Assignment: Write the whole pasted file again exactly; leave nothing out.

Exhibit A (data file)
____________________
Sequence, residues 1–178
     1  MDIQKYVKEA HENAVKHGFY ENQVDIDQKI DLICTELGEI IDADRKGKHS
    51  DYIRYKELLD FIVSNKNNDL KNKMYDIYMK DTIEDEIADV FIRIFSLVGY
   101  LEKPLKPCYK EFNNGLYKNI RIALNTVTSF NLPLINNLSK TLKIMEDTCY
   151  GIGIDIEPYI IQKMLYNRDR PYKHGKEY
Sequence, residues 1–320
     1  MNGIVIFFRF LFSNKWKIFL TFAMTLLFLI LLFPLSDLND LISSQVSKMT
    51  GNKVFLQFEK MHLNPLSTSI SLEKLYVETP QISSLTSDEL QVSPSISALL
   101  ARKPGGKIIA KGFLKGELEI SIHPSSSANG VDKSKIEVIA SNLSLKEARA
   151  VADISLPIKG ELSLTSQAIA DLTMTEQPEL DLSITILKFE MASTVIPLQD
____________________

Sequence, residues 1–178
     1  MDIQKYVKEA HENAVKHGFY ENQVDIDQKI DLICTELGEI IDADRKGKHS
    51  DYIRYKELLD FIVSNKNNDL KNKMYDIYMK DTIEDEIADV FIRIFSLVGY
   101  LEKPLKPCYK EFNNGLYKNI RIALNTVTSF NLPLINNLSK TLKIMEDTCY
   151  GIGIDIEPYI IQKMLYNRDR PYKHGKEY
Sequence, residues 1–320
     1  MNGIVIFFRF LFSNKWKIFL TFAMTLLFLI LLFPLSDLND LISSQVSKMT
    51  GNKVFLQFEK MHLNPLSTSI SLEKLYVETP QISSLTSDEL QVSPSISALL
   101  ARKPGGKIIA KGFLKGELEI SIHPSSSANG VDKSKIEVIA SNLSLKEARA
   151  VADISLPIKG ELSLTSQAIA DLTMTEQPEL DLSITILKFE MASTVIPLQD